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4.0 out of 5 stars Agonisingly familiar, 8 Nov 2012
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This review is from: Black Bread White Beer (Kindle Edition)
An honest and at times uncomfortably familiar portrayal of a relationship in a state of flux, and a look at the harsh realities of choosing to spend your life with another indiviual, for better, for worse, and all the many frustrations that you encounter along the way. An enjoyable read.
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4.0 out of 5 stars A whingey, whiny, moany man, 1 Nov 2012
This review is from: Black Bread White Beer (Kindle Edition)
Amal's wife Claud has had a miscarriage. Black Bread White Beer covers the next 24 hours as they struggle with their emotions that leave them unable to communicate with each other. Claud discharges herself from the hospital and visits her parents as though nothing's happened, insisting no one is told about the miscarriage. This doesn't prove too difficult, as Claud spends most of the day in bed, only getting up to bury a photograph and her hospital wristband while Amal is at the village fete with his in-laws.

I'd have stayed in bed too, if I were Claud, and not just for one day. Amal is one hell of a whingey, whiny, moany man with a chip on his shoulder about his Indian parentage so big, he must have shares in Maris Piper.

It's a well-written, easy to read novel, although sometimes a bit heavy on the metaphors and similes; some good ("He recognizes the touch like a fingerprint") and some not so good ("Even the echo seems to slide despairingly off each hard surface, slick of unwanted matter; like a Teflon pan coming into contact with mono-saturated fats). An enjoyable read at a bargain price (99p at the time of this review).
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0 of 1 people found the following review helpful
5.0 out of 5 stars A Different Perspective, 7 Jan 2013
By 
JSC (United States) - See all my reviews
This review is from: Black Bread White Beer (Kindle Edition)
Black Bread White Beer is about a couple who have just suffered a miscarriage. It's a short book. The story covers one day--the day the wife is discharged from the hospital.

What I like about this novel is it's told through the perspective of the male. It's an honest, raw portrayal of the narrator's inner conflict. The reader sees his ugly thoughts, his confusion and hurt, as well as his compassion and sorrow.

To further complicate matters, theirs is a mixed race marriage, Amal is Indian and his wife, Claudia, is full-on British. This makes Amal feel even further alienated. How to handle this situation the way his wife and in-laws expect and in a way that will not dishonor his own parents and culture?

This book is about so many things: race and racism; how different cultures and the sexes grieve; about marriage--how you can hate and love someone at the same time; how a tragedy can either make a marriage stronger or break it; it's about blame and forgiveness; about religion--why does it have to be an all or nothing deal?--("But something was out there, had to be, otherwise how else could they make sense of this? The loss could be explained by science; the healing, not."). And it's about how much a baby is wanted is often the difference between thinking a twenty-one day old pregnancy is a "collection of cells" or a "b-a-b-y."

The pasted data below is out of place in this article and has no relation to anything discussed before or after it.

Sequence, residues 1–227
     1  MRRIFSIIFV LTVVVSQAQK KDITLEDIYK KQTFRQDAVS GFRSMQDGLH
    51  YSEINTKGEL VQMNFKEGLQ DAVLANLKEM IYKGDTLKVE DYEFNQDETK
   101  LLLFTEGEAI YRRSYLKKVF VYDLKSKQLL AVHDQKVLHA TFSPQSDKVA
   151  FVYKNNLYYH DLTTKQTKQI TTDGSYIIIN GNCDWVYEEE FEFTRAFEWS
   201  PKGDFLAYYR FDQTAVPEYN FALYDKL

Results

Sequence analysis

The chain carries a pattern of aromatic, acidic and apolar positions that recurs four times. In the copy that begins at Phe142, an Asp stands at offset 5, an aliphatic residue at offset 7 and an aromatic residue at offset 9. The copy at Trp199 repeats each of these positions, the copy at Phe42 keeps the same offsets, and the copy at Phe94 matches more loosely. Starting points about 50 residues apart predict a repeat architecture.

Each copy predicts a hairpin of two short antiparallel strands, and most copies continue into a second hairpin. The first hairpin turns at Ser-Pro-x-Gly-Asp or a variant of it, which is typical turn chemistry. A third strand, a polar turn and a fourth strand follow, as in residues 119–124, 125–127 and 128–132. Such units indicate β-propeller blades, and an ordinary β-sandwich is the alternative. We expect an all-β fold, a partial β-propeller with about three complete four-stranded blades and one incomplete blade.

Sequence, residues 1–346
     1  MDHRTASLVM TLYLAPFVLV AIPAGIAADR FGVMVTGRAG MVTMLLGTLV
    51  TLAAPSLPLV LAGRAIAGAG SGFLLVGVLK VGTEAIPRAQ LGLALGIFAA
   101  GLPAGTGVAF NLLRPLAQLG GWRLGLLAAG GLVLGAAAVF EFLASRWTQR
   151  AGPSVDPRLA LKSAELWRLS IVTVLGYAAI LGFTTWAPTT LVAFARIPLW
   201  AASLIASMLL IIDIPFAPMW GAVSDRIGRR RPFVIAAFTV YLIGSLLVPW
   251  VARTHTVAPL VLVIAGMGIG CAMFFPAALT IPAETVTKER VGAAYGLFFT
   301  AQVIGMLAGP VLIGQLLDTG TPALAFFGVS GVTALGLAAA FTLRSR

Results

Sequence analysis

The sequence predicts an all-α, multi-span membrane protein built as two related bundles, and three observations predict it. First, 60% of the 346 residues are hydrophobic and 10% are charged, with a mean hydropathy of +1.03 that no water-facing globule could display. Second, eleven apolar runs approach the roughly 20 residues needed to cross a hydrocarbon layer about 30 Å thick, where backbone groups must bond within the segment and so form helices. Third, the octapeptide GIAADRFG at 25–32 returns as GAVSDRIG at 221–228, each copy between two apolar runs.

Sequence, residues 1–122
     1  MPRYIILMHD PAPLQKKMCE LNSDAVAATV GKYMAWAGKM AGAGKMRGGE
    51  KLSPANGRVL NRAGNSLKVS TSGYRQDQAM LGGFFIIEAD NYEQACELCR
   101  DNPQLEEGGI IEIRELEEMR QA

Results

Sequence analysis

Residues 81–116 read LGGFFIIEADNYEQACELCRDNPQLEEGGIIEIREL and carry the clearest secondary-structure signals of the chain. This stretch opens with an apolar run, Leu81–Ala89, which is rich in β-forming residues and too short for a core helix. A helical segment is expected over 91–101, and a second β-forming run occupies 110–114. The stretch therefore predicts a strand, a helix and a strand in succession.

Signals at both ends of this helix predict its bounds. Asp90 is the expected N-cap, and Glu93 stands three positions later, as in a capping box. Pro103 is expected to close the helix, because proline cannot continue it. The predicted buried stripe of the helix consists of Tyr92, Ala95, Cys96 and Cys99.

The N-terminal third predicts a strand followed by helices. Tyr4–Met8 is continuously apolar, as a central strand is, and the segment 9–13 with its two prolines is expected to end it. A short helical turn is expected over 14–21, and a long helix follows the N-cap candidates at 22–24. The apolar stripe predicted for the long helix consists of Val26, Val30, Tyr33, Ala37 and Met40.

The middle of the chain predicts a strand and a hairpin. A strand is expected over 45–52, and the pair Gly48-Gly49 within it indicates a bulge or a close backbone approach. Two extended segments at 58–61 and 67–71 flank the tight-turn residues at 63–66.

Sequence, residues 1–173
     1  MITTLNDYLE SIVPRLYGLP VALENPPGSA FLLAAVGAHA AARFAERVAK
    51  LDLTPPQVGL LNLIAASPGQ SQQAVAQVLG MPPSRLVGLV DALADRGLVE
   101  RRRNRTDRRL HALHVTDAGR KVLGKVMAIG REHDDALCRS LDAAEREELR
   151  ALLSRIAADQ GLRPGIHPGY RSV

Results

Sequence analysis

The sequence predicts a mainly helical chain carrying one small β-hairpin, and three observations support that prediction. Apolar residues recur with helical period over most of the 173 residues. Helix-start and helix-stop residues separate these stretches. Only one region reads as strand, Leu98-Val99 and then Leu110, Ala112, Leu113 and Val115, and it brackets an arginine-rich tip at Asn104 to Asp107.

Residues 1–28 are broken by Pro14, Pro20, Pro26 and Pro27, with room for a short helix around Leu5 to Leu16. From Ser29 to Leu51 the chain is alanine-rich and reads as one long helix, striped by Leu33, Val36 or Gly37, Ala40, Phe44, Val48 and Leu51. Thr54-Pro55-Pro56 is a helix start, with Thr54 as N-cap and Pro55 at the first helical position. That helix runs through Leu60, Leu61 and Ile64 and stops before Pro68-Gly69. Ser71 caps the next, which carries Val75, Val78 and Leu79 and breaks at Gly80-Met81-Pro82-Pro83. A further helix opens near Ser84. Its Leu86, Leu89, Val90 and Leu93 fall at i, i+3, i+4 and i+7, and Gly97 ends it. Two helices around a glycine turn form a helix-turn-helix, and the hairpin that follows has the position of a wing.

After reading the novel, I started thinking tangentially about other issues. With women's issues always in the forefront in terms of reproduction rights, I often wonder how men feel about this? Where does their responsibility begin, and where does it end? I think, just like Amal, they must be often dazed and confused as to how they're suppose to feel, or what their roles should be. I thought how difficult being the perfect male must be in today's societies. (Yes, men can be nasty brutes, but do women really appreciate the good ones? Or give them credit where credit is due?) Maybe I started to think about these things because, at times, I didn't find the wife, Claud (she preferred the shortened, more masculine form of her name), very likable.

I had only one problem with the novel. Between the British and Indian cultural references and ways of speech, I was slightly confused at times, especially during Amal's more philosophic musings, but it was a minor issue.

I found Black Bread White Beer to be a poignant, and at times uncomfortable, look at the emotional stages a couple goes through in times of grief and crisis. The author takes a topic that could be merely depressing and turns it into a thought-provoking, unfiltered look at the inner workings of a marriage.
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0 of 1 people found the following review helpful
5.0 out of 5 stars Another good read from one of my fave authors, 6 Nov 2012
By 
I. READ (Cromer Pavillian, Cromer, Norfolk, UK) - See all my reviews
(REAL NAME)   
This review is from: Black Bread White Beer (Kindle Edition)
I was really excited to find out this book was released and read it over the course of a weekend. Niven has a real talent to capture modern characters that sums up all the things I find interesting, funny and heartbreaking about normal life.
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Black Bread White Beer by Niven Govinden